15. Scheduling Breaks Between Flow-State Tasks
When you come out of your “flow state,” it can be difficult to switch gears right away. To keep yourself from losing momentum, be sure to schedule breaks in between each of your flow-state tasks.
16. Labeling Emails’ Subject Lines to Better Organize Your Inbox
A tangle of emails in your inbox can quickly become overwhelming. The solution can be a common agreement with your colleagues to label emails depending on the goal:
- Action required
- FYI/Just Informational
- Feedback Needed
- Decision Needed
By organizing each message with an unambiguous, actionable subject line, you give your coworkers or employees a clear idea of your intention in sending the email. Plus, this will help you as well organize your inbox.
Alternatively, you can create Gmail rules to bucket emails based on specific keywords like “feedback” or “proposal”. The key here is to declutter your inbox and bucket-specific tasks (emails) by type so you can tackle them all at once (see hack #12).
17. Designating a Work-Only Computer
Setting boundaries between your work life and personal life is crucial, primarily if you work from home. To keep these two worlds from blending together, be sure to designate a computer solely for work purposes. When you want to scroll through social media or watch YouTube videos, limit these activities to your phone, tablet, or a separate computer. The physical separation between the two devices helps create a psychological barrier between your work and home life.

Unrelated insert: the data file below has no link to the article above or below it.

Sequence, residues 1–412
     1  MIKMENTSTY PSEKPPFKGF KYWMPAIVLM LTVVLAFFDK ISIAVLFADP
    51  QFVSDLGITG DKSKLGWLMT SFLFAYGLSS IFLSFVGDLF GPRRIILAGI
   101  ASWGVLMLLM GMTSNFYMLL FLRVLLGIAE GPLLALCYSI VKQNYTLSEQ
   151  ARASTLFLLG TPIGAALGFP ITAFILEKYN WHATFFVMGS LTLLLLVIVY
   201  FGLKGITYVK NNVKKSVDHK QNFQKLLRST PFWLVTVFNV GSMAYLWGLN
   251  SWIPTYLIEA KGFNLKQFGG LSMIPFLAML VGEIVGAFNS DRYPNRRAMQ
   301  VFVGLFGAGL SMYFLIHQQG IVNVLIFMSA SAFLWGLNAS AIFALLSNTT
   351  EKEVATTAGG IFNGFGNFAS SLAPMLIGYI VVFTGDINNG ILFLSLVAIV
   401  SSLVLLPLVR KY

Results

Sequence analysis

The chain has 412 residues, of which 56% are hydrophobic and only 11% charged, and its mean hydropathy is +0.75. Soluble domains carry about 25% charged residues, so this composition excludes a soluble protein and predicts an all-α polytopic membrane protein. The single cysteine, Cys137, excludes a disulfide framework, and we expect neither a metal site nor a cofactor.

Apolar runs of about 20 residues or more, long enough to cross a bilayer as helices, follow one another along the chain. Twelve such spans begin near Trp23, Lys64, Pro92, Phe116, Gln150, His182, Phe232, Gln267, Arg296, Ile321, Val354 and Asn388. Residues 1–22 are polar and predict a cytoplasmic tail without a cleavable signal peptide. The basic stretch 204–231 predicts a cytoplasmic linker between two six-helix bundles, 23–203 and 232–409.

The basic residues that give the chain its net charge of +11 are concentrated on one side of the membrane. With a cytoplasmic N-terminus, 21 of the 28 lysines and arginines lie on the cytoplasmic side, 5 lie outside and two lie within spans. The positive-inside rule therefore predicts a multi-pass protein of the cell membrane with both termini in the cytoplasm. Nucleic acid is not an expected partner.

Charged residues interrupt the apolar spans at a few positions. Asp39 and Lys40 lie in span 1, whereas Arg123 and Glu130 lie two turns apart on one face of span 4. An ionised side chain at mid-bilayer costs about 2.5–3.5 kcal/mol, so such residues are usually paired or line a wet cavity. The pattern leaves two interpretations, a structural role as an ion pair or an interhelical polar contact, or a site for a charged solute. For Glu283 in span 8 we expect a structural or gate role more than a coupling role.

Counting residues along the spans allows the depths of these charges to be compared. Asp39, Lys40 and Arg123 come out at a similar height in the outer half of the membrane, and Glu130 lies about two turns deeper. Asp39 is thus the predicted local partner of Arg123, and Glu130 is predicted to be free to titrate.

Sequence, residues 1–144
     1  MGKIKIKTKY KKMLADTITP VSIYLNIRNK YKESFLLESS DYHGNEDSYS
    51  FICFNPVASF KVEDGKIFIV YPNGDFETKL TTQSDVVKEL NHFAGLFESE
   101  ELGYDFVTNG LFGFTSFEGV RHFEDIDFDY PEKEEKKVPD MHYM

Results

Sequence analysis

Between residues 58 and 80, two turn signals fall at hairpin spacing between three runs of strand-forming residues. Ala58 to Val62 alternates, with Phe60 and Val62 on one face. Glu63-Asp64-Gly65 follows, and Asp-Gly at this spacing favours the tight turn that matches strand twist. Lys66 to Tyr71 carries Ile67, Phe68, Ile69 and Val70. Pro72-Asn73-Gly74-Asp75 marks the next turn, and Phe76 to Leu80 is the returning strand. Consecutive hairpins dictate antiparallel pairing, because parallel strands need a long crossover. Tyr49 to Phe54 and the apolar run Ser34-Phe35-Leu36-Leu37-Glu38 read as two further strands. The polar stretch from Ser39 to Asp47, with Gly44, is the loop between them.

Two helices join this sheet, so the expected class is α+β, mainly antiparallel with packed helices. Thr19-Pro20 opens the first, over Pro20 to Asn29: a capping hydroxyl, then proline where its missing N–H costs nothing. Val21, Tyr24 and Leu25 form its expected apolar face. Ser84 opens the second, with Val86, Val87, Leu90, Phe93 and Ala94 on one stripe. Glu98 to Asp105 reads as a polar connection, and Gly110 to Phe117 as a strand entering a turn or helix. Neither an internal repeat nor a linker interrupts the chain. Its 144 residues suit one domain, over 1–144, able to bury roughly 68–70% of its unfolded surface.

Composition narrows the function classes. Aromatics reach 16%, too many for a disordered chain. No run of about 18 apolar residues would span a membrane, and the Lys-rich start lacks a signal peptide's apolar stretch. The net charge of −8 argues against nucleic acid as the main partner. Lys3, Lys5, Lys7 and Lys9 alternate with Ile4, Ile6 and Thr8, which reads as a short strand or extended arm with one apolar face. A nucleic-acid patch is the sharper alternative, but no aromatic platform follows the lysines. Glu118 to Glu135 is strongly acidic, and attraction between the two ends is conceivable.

18. Having a Set Time For the End of the Day
One of the biggest pitfalls of working from home is burnout. Because you never truly leave your home office, it can be tempting to work late into the evening to get more things done.
However, this habit often leads to increased levels of stress and anxiety.
The best way to reduce the risk of burnout is to set a time limit to your workday and stick to it. Set the alarm on your phone or on your smartwatch to remind you when you have 30 minutes before your workday ends. Use that half an hour to wrap up the day. This will ensure that you only work for as long as you need to and still have enough time to yourself.
19. Getting Inspiration From the Best Productivity Books Out There
It’s been years since I started learning about productivity, and there’s still a lot to learn. There’s work to be done for each stage of your progress, and that’s a good thing.
If you’re dedicated to your journey towards personal productivity, there are plenty of inspiring books out there that can help nourish your goals. Some examples of popular reads I’d recommend:
- Atomic Habits by James Clear
- Getting Things Done by David Allen
- The 7 Habits of Highly Effective People by Stephen Covey
- 4 Hour Work Week by Tim Ferriss
- Work-from-Home Hacks: 500+ Easy Ways to Get Organized by Aja Frost
There are also plenty of Podcasts and short blog posts if you want gems or quick hacks. It’s all about getting started somewhere.
Working on your personal productivity can do wonders for your overall success at work. By following these simple steps, you can make your goal of becoming more productive a reality.
Remember to start small and take it one step at a time, and you’ll soon find that taking control of your workday is much more achievable than you ever thought.